Postcolonial Nonhuman Blurring (B)orders in Migrant Ecologies: A Postanthropocentric Reading of Amitav Ghosh’s "Gun Island"

Authors

  • Ashwarya Samkaria Independent Researcher

DOI:

https://doi.org/10.37536/ECOZONA.2022.13.2.4671

Keywords:

transcorporeality, myth, migrant ecologies, nonhuman agency, postanthropocentric

Abstract

Amitav Ghosh’s novel Gun Island (2019) explores the intersection of the nonhuman with 21st century issues pertaining to racial and ecological injustice, ethnic cleansing, environmental catastrophe and migrant ecologies by way of allegorising the myth of Manasa Devi (goddess of snakes and other venomous creatures). A postcolonial ecocritical lens helps analyse how the novelist presents nonhuman actors to contest Western anthropocentric conceptualisations of human subjectivity shaped by historical forces of modernity. By positing a postanthropocentric way of reading the world in order to shape new human subjectivities which do not efface human-nonhuman entanglements, my paper studies how Ghosh recognises agentic capacities and storied matter of the postcolonial nonhuman subject matter by identifying the novel’s subversive negotiations through the tropes of language, embodiment, genre, and everyday environmentalism. I analyse how the contextualisation of the postcolonial nonhuman not only critiques human exceptionalism but destabilises the constructedness of borders in terms of an immaterial myth projecting an otherworldly possibility, trans-corporeality positing inescapable interconnectedness between humans and all living and non-living matter, and everyday environmentalism broadening the definition of environment to contest nature-culture dualism. I also argue that this ecofiction’s allegorisation of Manasa Devi’s myth through the unseen boundaries that she seeks to retain problematise a simplistic understanding of borders as limiting. My paper thus analyses how this reconceptualisation through the postcolonial nonhuman blurs borders and their ordering of the world and posits, instead, a relational living that dismantles constructedness of hierarchies while paying heed to (b)orders for ecological sustainable living.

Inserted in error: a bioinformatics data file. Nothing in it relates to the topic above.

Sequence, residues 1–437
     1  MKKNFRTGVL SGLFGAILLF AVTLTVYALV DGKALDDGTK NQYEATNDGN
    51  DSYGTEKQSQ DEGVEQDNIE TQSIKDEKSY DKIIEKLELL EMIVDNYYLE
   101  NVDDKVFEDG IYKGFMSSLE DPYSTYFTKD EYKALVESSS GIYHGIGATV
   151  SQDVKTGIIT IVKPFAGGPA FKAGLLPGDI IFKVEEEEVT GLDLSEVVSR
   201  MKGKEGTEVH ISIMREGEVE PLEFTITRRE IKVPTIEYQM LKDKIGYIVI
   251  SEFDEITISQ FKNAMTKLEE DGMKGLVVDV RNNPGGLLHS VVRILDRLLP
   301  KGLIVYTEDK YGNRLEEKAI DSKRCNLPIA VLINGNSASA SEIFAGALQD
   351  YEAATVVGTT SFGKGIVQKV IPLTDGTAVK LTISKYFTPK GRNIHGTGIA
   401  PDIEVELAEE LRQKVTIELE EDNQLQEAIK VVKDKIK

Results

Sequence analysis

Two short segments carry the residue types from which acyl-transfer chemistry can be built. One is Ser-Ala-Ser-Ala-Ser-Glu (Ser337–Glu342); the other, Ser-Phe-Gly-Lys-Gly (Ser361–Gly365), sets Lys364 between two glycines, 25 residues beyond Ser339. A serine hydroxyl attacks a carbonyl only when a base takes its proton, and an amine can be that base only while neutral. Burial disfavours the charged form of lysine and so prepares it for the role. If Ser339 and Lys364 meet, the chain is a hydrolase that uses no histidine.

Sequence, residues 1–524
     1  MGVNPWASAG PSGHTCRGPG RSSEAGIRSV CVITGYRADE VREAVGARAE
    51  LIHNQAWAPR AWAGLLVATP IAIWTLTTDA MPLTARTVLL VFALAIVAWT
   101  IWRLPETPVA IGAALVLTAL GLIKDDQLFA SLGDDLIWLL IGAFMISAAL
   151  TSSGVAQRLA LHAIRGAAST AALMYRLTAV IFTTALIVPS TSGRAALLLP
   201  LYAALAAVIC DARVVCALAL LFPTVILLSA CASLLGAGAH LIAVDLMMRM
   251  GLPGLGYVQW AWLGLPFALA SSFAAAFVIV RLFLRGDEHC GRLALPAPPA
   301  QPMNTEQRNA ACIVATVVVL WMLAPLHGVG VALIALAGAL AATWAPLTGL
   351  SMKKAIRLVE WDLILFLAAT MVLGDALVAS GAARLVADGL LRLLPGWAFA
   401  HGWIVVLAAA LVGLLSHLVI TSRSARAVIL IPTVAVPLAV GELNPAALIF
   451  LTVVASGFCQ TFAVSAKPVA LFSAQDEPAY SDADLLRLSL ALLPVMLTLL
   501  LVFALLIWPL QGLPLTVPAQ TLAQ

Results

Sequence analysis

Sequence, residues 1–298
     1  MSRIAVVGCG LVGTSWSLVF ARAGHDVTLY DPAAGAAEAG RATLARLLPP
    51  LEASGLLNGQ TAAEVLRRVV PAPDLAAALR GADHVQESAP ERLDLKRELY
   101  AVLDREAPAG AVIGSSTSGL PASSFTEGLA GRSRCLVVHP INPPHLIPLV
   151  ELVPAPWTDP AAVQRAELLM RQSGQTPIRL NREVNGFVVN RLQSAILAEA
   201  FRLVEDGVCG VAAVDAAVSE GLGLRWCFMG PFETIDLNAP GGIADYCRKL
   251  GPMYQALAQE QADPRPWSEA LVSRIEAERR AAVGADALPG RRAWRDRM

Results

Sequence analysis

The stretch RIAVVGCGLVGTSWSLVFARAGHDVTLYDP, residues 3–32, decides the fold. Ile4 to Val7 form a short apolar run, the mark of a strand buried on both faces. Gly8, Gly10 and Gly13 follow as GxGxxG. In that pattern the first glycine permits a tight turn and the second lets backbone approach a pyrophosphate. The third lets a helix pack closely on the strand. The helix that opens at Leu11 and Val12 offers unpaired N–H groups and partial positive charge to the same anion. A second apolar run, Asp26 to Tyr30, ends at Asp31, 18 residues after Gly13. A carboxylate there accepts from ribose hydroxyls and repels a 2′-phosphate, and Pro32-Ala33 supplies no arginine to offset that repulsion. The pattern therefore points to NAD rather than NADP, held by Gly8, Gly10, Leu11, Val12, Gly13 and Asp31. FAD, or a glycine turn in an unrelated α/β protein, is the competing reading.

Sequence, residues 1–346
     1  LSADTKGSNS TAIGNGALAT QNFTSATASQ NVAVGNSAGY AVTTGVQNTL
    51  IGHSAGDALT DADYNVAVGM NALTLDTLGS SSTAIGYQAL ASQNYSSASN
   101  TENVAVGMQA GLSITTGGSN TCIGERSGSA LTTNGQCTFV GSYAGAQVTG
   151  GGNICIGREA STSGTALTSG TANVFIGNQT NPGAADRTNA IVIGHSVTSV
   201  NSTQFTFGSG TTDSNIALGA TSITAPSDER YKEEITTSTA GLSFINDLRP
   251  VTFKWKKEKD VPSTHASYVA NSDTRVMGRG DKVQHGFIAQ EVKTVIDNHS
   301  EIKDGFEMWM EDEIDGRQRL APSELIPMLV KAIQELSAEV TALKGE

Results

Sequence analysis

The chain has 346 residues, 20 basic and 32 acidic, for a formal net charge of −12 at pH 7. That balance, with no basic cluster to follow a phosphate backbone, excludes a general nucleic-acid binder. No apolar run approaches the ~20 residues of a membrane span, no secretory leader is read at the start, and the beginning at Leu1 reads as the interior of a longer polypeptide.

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Author Biography

Ashwarya Samkaria, Independent Researcher

Ashwarya Samkaria, currently working as an independent researcher has a Masters in English Literature from the University of Delhi (India) and in Performance Studies from Dr. B. R. Ambedkar University Delhi (India). Her research interests are ecocriticism, performance studies, postcolonial literatures, and creative writing. Her ecofiction has been published by EcoCast, official podcast of the ‘Association of the Study of Literature and Environment’ (ASLE), Benelux Association for the Study of Art, Culture, and the Environment (BASCE), and Samyukta Fiction. Her book chapters on ecocriticism in Indian fiction have been published in edited collections such as Reading Contemporary South Asian Literature: A Postcolonial-Ecocritical Approach (Ukiyoto Publishing) and Postcolonial Literature: Selected Essays on Past, Present and Future Trends (Adhyayan Publishers). Her article on body and performance has been published in the recent issue of Performance Research (Taylor & Francis). She has also been trained in the (neo)classical dance form ‘Odissi’ and has performed abroad and extensively in India.

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Published

2022-10-29

Issue

Section

The Postcolonial Nonhuman